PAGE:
'The Walking Dead' Has Made Zombies Terrifying Again

In the sixth season, AMC's popular horror drama finally lives up to its premise once again.

AMC Networks

When Nicholas and Glenn wandered into a back alley surrounded by walkers, I felt some things I hadn’t experienced in the last five seasons of The Walking Dead: Panic. Dread. And fear.

Zombies are scary again.

In the first season of The Walking Dead, the walker threat was very new and very strange. Little was known about the living dead, and how to get rid of just one posed a challenge. A single walker without legs lying prone under a bicycle evoked enough fear and intimidation to shake Rick down to his knees.

As the characters of Walking Dead grew familiar with their new surroundings and their survival skills sharpened, the fear faded.

Dozens upon dozens could be wandering in the background and it became as normal as traffic. Rick would nonchalantly garden while packs of walkers snarled just fifteen feet away.

It was during this time that The Walking Dead redefined who the real threats were. Season 3 declared that walkers weren’t the real enemy, but fellow man. The Governor, the Terminus cannibals, and the countless wanderers who betrayed trust lived up to the show’s new tagline: “Fight the dead, fear the living.”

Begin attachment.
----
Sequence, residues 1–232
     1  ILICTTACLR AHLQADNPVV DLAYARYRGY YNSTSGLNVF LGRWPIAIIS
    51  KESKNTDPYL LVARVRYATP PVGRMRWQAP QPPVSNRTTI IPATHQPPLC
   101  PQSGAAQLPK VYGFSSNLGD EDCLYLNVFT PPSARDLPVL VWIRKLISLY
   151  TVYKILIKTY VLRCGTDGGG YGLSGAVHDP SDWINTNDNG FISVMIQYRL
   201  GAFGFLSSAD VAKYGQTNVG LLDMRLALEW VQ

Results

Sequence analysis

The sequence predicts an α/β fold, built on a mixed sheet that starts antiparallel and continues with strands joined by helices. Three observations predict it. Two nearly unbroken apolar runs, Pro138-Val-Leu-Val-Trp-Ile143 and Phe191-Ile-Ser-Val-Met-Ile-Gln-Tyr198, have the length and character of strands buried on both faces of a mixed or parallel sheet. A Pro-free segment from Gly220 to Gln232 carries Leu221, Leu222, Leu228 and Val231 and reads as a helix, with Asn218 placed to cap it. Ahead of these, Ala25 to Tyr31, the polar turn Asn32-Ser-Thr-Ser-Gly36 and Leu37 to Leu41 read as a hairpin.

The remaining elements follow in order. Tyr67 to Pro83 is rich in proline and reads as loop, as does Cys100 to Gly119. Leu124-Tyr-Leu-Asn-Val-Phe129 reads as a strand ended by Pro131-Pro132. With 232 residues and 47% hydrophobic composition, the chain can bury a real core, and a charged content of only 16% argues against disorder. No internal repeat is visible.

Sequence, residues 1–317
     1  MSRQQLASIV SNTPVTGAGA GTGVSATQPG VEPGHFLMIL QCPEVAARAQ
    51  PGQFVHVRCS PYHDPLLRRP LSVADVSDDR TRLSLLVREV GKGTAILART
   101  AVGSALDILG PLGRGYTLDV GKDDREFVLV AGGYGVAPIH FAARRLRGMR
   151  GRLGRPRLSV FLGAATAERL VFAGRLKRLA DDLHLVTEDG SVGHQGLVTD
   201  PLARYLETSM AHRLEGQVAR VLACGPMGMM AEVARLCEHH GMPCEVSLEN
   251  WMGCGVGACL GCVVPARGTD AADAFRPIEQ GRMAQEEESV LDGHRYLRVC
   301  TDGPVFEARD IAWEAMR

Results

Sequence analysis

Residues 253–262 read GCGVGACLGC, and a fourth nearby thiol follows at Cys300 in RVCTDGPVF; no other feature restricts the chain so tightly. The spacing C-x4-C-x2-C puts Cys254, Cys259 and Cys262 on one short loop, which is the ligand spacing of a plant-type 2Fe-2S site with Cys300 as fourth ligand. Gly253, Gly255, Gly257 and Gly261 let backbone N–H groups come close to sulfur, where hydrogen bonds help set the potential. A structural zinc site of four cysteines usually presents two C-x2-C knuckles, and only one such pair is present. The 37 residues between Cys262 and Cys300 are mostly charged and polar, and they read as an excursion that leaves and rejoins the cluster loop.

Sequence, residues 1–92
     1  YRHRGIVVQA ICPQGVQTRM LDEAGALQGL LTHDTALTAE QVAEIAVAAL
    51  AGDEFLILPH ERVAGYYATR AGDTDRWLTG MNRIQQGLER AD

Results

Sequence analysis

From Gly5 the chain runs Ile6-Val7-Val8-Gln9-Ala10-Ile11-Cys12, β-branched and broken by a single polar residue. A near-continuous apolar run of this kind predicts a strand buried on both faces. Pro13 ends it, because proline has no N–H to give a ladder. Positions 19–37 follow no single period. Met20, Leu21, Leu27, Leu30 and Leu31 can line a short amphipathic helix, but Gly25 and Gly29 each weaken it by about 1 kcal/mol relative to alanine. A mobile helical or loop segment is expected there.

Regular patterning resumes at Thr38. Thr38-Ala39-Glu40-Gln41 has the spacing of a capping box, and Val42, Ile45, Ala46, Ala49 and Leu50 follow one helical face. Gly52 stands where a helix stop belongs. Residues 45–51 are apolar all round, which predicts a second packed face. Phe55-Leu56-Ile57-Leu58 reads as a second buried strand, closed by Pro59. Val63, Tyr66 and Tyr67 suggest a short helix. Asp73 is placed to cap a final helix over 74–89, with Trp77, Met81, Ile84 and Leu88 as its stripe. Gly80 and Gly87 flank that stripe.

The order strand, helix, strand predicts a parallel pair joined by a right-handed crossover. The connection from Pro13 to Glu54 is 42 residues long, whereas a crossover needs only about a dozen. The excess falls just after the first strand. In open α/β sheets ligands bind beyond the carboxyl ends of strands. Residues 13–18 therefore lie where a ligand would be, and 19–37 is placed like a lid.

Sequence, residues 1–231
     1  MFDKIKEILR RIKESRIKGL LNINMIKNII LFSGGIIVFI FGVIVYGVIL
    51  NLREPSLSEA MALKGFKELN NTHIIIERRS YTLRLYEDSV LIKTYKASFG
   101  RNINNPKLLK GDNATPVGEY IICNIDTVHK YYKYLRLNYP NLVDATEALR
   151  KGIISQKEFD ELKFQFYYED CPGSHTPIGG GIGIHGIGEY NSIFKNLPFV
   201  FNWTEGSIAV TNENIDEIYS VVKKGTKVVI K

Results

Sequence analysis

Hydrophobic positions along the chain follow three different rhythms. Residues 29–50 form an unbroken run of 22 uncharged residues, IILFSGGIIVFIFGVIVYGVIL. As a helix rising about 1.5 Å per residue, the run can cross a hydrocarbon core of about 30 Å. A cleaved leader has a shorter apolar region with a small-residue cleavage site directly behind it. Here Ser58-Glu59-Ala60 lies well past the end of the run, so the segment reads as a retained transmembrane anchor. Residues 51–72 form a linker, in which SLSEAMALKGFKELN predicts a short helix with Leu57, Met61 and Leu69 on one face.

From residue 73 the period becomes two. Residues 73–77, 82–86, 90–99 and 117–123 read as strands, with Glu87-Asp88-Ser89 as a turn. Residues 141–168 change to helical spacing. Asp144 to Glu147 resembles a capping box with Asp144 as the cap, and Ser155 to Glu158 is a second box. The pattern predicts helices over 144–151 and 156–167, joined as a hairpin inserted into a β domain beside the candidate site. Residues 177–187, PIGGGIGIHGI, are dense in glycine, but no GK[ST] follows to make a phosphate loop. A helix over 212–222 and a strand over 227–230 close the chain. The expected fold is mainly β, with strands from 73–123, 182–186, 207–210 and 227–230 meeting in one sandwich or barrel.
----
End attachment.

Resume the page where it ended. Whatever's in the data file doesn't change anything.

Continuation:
But those threats have been dealt with. The Governor is gone, Terminus was left in ruins, and now the scattered Wolves are the threat of Season 6. But their easy takedown by Rick’s quick trigger finger and Morgan’s sick stick skills show that they won’t be a threat for long. The ones who will be around are walkers, who have made mincemeat out of Alexandria’s Red Shirts and one beloved Glenn Rhee.

After “Thank You,” it’s assured that the zombies are a legitimate threat again. They’re no longer just a consequence for making dumb mistakes or an element of nature to manipulate a la Carol freeing everyone at Terminus. Walkers aren’t target practice anymore, they are why practice is needed. Their strength lies in numbers; Rick won’t blink at a single walker, but his break down at the end of “Thank You” came from his outnumbered odds.

There are few things as terrifying as feeling helpless.

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